New York District Court Enjoins Enforcement of Law Limiting Employer Speech During Organizing Campaigns

A federal judge in New York recently cast doubt on the validity of state laws that seek to restrict employer speech in connection with union organizing. In New York State Vegetable Growers Association, Inc. v. Letitia James, a trade group and five New York farms sought to enjoin enforcement of a 2020 amendment to the State Employment Relations Act (SERA), enacted as part of the Farm Laborers Fair Labor Practices Act. The plaintiffs claimed, among other things, that one of the amendments violated the First Amendment of the United States Constitution.

The amendment at issue, SERA §704-b(2)(c) (the “Amendment”), makes it unlawful for agricultural employers to “discourage union organization or to discourage an employee from participating in a union organizing drive, engaging in protected concerted activity, or otherwise exercising the rights guaranteed under this article.”1 The court enjoined the law, finding that plaintiffs had demonstrated a likelihood of success on the merits of their constitutional challenge and that an injunction would be in the public interest.2

The plaintiffs argued that the Amendment, as written, constituted unlawful viewpoint-based discrimination – meaning the law targeted employers’ ideas or opinions, not their conduct. The attorney general sought to justify the Amendment, arguing that guidance for it promulgated by the Public Employment Relations Board (PERB) provided examples of acts of “discouragement” prohibited by the Amendment and the National Labor Relations Act (NLRA). The plaintiffs pointed out, however, that the same guidance cited by the attorney general highlighted that the NLRA does “not have an equivalent provision.”  

Ultimately, the judge granted the temporary restraining order on the grounds that the Amendment as written was facially invalid. He reasoned that the law violated the First Amendment facially – meaning the Amendment’s text alone, not its application, resulted in the violation. He explained that the Amendment “is a viewpoint-based law that discriminates against speech based on the ideas or opinions conveyed.” He elaborated that the Amendment was not susceptible to a more favorable interpretation as provided in the PERB’s guidance because a more favorable “construction is not visible in the statute.”

With respect to the public interest, the judge wrote that the Amendment “as written, constitutes impermissible viewpoint discrimination and chills employers’ speech. A preliminary injunction on this provision does not affect the remainder of the statute and therefore, has a minimal impact on farmworkers’ collective-bargaining rights.”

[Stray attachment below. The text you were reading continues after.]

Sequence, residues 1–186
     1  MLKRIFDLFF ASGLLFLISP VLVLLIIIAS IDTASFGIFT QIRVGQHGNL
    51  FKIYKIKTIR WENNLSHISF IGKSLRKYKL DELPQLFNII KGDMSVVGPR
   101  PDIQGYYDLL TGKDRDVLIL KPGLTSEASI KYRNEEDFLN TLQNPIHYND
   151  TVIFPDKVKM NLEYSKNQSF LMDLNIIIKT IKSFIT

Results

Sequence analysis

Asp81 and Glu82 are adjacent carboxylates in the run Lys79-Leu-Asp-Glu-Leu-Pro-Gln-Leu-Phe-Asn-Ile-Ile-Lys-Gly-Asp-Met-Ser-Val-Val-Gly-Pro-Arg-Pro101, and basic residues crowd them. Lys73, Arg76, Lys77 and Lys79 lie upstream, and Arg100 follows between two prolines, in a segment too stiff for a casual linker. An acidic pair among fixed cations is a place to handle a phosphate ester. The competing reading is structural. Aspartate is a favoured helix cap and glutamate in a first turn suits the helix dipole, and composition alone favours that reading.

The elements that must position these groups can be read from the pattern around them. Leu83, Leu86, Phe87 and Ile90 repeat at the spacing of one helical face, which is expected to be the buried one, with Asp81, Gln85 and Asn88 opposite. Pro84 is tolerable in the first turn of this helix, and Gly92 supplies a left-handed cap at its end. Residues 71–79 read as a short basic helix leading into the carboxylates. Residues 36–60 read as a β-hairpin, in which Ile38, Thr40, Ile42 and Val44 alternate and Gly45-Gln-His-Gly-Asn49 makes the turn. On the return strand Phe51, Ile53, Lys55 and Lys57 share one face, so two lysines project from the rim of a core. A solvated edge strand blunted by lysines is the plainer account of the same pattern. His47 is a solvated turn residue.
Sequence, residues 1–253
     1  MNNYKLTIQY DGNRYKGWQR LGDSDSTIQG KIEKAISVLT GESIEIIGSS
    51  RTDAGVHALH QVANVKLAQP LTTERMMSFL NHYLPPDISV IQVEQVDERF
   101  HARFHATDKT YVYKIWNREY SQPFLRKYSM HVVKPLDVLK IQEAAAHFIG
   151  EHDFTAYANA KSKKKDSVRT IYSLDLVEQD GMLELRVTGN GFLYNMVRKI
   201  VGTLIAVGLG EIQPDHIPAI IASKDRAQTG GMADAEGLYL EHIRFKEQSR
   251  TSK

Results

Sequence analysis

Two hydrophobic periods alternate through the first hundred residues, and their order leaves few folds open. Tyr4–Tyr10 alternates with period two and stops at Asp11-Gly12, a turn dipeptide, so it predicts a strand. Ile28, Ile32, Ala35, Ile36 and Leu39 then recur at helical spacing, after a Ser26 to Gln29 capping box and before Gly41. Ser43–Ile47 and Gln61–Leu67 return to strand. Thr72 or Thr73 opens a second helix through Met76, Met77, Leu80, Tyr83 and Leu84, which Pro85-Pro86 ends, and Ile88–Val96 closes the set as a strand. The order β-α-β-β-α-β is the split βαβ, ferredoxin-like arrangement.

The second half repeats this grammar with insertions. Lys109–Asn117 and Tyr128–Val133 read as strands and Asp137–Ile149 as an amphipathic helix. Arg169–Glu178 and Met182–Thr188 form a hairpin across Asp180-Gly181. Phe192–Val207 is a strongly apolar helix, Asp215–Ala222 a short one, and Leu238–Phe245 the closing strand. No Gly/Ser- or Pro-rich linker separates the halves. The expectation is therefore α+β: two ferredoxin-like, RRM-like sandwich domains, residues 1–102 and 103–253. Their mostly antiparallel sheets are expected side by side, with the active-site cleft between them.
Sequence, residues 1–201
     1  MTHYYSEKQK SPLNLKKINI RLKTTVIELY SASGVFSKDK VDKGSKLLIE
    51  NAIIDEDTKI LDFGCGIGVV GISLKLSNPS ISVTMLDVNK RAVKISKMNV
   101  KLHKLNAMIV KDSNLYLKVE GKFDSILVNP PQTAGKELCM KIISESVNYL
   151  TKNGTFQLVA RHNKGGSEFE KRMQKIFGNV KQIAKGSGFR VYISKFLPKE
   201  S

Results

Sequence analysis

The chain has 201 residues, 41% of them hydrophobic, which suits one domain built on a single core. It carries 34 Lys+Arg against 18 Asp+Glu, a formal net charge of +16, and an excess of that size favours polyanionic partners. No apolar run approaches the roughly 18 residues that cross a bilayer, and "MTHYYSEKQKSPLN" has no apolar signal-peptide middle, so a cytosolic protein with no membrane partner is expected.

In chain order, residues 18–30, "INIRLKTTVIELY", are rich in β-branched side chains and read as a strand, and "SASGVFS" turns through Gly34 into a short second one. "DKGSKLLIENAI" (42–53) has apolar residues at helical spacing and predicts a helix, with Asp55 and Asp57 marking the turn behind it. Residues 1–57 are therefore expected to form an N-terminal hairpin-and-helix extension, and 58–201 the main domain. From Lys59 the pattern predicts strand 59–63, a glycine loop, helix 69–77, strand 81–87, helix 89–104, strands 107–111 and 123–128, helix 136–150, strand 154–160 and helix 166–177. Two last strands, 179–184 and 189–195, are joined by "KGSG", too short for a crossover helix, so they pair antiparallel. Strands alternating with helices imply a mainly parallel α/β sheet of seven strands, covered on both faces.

NLRA Preemption

The decision did not address whether the amendment is preempted by the NLRA. The most comparable section of the NLRA is Section 8(c), the Act’s counterpart to the First Amendment, which provides that “[t]he expressing of any views, argument, or opinion . . . shall not constitute or be evidence of an unfair labor practice . . . if such expression contains no threat of reprisal or force or promise of benefit.” The law is clear that employers have strong First Amendment protection for advancing their views on unionization. The Supreme Court has held, for example, “[An] employers’ attempts to persuade to action with respect to joining or not joining unions are within the First Amendment’s guaranty.” Thomas v. Collins, 323 U.S. 516, 537-538 (1945).

Next Steps

With this ruling, the court has enjoined enforcement of this Amendment pending a hearing on the merits of the plaintiffs’ First Amendment challenge. While the facts and posture of the case are thus limited, the case has implications for other state laws that purport to restrict employer speech.3 Other states have similar laws that limit employer speech during union campaigns or prevent employers from holding mandatory employer-sponsored meetings. We expect that court challenges to such laws will prompt more decisions like this one, as courts find that state law bans on employer speech or captive audience talks: (1) are preempted by the NLRA; and (2) violate the First Amendment.

See Footnotes

1 The Act defines “agricultural employers” as those employers “engaged in cultivating the soil or in raising or harvesting any agricultural or horticultural commodity including custom harvesting operators, and employers engaged in the business of crops, livestock and livestock products as defined in section three hundred one of the agriculture and markets law, or other similar agricultural enterprises.”

2 As a general matter, a party seeking a preliminary injunction "must . . . show a likelihood of success on the merits, a likelihood of irreparable harm in the absence of preliminary relief, that the balance of equities tips in the party's favor, and that an injunction is in the public interest." Am. Civil Liberties Union v. Clapper, 804 F.3d 617, 622 (2d Cir. 2015) (citing Winter v. Nat. Res. Def. Council, Inc., 555 U.S. 7, 20 (2008)).

3 Other states have enacted similar legislation, including New York, Maine, Minnesota, and Connecticut.

Information contained in this publication is intended for informational purposes only and does not constitute legal advice or opinion, nor is it a substitute for the professional judgment of an attorney.